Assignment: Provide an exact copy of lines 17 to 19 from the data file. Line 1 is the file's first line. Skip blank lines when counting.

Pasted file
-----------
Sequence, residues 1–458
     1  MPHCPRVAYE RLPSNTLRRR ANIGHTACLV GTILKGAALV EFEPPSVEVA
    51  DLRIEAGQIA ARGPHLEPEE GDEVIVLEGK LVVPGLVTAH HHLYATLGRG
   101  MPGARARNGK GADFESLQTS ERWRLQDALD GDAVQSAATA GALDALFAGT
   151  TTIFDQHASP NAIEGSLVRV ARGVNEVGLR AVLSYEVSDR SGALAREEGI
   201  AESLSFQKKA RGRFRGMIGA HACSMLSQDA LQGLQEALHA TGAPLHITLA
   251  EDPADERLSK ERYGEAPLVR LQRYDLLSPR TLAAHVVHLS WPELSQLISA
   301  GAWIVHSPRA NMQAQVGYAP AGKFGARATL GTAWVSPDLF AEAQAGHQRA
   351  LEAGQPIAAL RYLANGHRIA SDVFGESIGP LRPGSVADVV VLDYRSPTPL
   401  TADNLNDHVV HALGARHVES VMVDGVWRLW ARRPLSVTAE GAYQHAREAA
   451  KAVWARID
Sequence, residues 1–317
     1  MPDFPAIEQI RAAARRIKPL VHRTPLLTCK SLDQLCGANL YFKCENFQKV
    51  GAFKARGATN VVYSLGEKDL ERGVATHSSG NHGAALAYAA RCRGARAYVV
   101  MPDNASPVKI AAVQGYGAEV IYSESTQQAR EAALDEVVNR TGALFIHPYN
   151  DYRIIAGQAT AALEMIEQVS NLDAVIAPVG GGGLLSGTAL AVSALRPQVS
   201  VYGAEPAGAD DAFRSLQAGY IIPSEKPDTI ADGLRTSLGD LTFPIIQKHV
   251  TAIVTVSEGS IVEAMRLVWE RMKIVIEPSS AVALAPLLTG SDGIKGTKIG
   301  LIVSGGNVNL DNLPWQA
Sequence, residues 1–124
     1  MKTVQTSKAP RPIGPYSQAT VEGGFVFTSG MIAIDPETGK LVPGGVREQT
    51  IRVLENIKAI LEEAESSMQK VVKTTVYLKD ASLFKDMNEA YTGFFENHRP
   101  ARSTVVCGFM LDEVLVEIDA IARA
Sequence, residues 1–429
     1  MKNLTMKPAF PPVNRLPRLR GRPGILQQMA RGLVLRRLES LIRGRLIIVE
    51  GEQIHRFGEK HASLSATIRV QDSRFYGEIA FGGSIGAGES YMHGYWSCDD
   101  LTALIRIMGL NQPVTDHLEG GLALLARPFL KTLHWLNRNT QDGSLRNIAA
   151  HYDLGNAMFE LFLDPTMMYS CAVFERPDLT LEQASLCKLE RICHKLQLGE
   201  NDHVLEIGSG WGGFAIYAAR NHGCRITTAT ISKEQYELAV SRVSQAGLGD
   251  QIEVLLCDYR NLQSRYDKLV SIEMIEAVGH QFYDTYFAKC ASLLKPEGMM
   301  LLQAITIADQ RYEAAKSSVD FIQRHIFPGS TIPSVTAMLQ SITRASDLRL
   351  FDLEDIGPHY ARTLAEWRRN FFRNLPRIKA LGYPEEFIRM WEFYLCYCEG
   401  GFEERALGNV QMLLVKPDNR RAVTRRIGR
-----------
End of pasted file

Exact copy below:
   201  VYGAEPAGAD DAFRSLQAGY IIPSEKPDTI ADGLRTSLGD LTFPIIQKHV
   251  TAIVTVSEGS IVEAMRLVWE RMKIVIEPSS AVALAPLLTG SDGIKGTKIG
   301  LIVSGGNVNL DNLPWQA